This statement warrants thoughtful consideration: “When it comes to women, popular culture confuses pleasure and power.”
Check out this article: “Who Runs the Girls?” by Ashley Mears, assistant professor of sociology at Boston University.
Describing time she spent observing the VIP-serving night life of New York (and elsewhere), Professor Mears explains the transactional nature of young models who are rounded up for the party circuit. This is painted as an enjoyable time for the “girls,” and yet it begs the question:
Does the celebrated display of female beauty and sexuality empower or exploit women?
Exploitation: One Profits on the Back of Another
While she doesn’t answer the question of exploitation directly – (nor will I will; the answer is likely “it depends”) – Professor Mears explains the functioning of the milieu in which she found herself:
V.I.P. night life is an industry run by men, for men, and on women… brought in to attract big-spending clients from among the young global elite, willing to spend thousands of dollars on alcohol. Girls rarely pay to be in V.I.P. nightclubs, but neither are they typically paid to be there, accepting instead gifts and perks like free drinks and even housing… Most girls don’t see promoters as exploitative, but as friends, something the promoters foster…
Getting to the heart of the matter:
… This is a system of trafficking in women. It is, of course, consensual… Beneath the glamour is an unbalanced economy in which girls generate far greater profit for men than their free drinks are worth.
Women Embracing Their Power?
It’s impossible to miss the Professor’s point: The attention may be pleasurable, but these women are giving away their power while others are profiting.
And if they’re having fun? If they don’t expect anything more and are content with the way things are? Are expectations the problem? Are women somehow “power averse?” Is our understanding of power distorted?
Psychology Today offers these thoughts on how women can embrace their power. Marcia Reynolds, PsyD., refers to an interview with Pattie Sellers, Senior Editor-at-Large for Fortune magazine, who recounts a conversation with Oprah Winfrey on the subject of power.
… Pattie explained that generally when people speak about power, they are referring to the male view of “power over others” or getting people to do what you want them to do… Oprah told her that when she realized her power was to”have an impact with purpose,” then she fell in love with the idea of being powerful.
Are we afraid of power, however we envision it? Do we think it will distance us from others, when we may prefer – or feel expected to prefer – nurturing and teamwork? Do we believe that these are mutually exclusive? That we cannot exert power and be team players?
Women Exerting Influence – Any Way We Can
Personally, I have often substituted the word influence for power, which is in keeping with the idea of positive, purposeful impact. And incidentally, exerting influence for what I perceive as a good cause or valuable work always yields pleasure. Certainly for me.
However, exerting influence may imply taking a back seat to whomever is the “face” of decision-making. And however key the role we play, if it is behind-the-scenes, that results in a host of problems – namely, lack of visibility, which can translate into lack of perceived competence, lack of perceived comfort with positions of power, less (professional) recognition and consequently, less financial gain and fewer opportunities.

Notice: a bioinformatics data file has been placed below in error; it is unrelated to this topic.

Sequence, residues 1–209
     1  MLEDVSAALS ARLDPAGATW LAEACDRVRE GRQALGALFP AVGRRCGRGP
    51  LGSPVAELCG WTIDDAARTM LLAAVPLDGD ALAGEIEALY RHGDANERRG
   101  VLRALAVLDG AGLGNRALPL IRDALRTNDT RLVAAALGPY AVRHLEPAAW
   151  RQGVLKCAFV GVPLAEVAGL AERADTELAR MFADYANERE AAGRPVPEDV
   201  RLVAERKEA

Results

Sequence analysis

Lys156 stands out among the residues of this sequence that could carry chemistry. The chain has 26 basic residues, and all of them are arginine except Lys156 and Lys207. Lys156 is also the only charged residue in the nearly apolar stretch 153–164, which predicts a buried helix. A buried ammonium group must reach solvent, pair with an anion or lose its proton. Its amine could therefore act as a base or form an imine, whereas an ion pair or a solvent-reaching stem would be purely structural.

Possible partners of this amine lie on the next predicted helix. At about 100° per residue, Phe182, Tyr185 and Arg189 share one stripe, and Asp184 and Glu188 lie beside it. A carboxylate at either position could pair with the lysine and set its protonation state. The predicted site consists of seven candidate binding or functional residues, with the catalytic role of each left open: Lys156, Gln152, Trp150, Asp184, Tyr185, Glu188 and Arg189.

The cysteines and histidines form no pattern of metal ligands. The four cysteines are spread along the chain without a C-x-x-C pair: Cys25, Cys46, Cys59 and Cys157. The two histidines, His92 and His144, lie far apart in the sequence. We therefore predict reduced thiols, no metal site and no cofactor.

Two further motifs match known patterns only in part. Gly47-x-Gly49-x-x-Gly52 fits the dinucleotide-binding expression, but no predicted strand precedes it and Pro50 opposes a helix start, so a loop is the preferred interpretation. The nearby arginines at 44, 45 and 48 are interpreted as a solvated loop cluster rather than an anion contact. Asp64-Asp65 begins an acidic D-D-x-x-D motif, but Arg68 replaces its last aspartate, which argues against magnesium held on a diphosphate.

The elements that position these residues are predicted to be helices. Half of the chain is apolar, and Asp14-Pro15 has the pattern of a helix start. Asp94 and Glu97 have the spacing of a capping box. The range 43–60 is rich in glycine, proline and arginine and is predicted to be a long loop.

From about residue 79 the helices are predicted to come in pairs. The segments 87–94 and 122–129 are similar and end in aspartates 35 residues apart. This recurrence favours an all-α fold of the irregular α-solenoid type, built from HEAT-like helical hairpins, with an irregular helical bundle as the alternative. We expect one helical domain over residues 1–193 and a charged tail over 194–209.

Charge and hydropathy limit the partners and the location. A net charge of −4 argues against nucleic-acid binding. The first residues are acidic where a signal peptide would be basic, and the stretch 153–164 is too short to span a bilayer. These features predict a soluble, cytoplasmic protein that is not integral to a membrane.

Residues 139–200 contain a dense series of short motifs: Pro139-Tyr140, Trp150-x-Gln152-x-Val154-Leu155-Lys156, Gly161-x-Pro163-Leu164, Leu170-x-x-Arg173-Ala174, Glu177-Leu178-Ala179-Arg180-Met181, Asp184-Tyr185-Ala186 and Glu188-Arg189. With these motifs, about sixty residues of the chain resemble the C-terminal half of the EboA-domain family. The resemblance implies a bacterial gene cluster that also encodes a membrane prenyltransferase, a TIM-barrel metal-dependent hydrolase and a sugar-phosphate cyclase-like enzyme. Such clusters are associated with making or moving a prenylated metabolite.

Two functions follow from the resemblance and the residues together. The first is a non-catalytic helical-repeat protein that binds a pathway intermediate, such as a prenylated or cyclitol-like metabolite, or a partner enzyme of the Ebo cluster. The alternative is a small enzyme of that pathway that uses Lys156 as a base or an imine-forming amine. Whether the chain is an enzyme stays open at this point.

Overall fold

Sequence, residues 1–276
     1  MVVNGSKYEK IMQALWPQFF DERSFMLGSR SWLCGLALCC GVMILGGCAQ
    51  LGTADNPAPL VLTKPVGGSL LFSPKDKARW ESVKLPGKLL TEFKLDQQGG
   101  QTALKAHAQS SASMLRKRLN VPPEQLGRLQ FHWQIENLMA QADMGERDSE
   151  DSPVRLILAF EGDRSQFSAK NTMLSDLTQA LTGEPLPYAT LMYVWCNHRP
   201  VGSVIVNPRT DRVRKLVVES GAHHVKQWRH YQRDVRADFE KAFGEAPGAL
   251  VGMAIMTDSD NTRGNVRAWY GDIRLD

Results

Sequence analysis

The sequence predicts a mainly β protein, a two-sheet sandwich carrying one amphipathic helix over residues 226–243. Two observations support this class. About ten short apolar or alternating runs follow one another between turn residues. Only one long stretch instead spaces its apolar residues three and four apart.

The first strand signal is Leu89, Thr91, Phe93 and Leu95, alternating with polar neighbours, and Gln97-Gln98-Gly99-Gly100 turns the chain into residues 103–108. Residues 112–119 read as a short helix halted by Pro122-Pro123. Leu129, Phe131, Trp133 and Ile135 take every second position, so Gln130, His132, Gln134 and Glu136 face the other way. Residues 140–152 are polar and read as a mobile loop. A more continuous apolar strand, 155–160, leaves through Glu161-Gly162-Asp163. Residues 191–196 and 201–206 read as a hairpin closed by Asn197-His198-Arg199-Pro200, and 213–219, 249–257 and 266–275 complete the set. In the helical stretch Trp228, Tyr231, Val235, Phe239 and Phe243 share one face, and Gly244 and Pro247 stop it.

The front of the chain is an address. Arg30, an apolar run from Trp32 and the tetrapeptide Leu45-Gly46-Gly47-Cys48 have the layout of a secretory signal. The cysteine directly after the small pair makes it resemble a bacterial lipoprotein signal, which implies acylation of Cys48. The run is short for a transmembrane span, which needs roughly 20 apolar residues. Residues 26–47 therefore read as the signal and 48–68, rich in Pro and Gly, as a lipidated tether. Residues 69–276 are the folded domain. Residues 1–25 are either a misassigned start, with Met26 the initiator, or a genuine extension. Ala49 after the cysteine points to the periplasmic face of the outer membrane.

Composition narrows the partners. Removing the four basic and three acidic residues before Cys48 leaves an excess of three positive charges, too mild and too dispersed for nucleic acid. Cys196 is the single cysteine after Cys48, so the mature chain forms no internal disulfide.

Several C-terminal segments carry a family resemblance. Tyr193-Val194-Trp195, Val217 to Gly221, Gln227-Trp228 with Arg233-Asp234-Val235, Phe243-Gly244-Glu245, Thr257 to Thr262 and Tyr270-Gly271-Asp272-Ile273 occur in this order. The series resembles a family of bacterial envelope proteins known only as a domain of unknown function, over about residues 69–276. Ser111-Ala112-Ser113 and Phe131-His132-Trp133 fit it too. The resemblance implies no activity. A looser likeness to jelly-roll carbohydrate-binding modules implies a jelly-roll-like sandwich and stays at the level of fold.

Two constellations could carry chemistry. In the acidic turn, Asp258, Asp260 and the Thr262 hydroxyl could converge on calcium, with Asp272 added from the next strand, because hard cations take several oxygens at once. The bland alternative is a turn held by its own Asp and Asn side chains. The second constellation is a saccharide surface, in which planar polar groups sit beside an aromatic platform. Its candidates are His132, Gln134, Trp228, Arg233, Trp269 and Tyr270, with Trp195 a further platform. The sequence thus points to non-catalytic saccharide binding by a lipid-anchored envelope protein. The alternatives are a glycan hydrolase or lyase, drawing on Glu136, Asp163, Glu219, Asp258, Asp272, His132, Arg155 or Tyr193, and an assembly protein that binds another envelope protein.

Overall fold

Perhaps we should rethink the ways we “influence” and more fully inhabit the power we truly have – and own it – visibly.
Incidentally, were I given a choice between pleasure and power 20 years ago, I imagine I would have chosen pleasure. Even 10 years later? I had the wisdom to understand the advantages of power, and to see it as a positive, even necessary force.
Women Giving Away Power
Returning to the matter of young, attractive women who knowingly use beauty to their advantage (as we might any other asset), is there anything wrong with this picture? Why shouldn’t they engage in socializing that comes with pleasurable perks?
I say: Use whatever you’ve got – especially your brains. Back it up with a willingness to risk, to learn from your mistakes, to follow-through, to work hard. And I repeat Professor Mear’s point that the models she observed weren’t profiting from their obvious value and contributions, and that’s especially a shame considering youth is a short-lived asset at that.
Sure – drinks, parties, trips. But significant opportunities? Investment? A share of the profits? Not exactly. It was the men “running the girls” who reaped the benefits.
Naturally, when we’re young, we don’t have a feel for what we’re giving away. Nor do we necessarily recognize exploitation (versus fair exchange), and we crave experiences (with positive, pleasurable feedback). This may partially explain how any of us can be taken advantage of in our teens and twenties.
Yet can we agree that “fun” and exploitation are not mutually exclusive?
Women, in many circles, are still treated as products. Worse – as commodities. Can we at least admit as much? Must we really buy in?
How do we raise our daughters to own their capacities and proclaim them – proudly? How do we shift the consciousness and behaviors of adult women to do the same?
You May Also Enjoy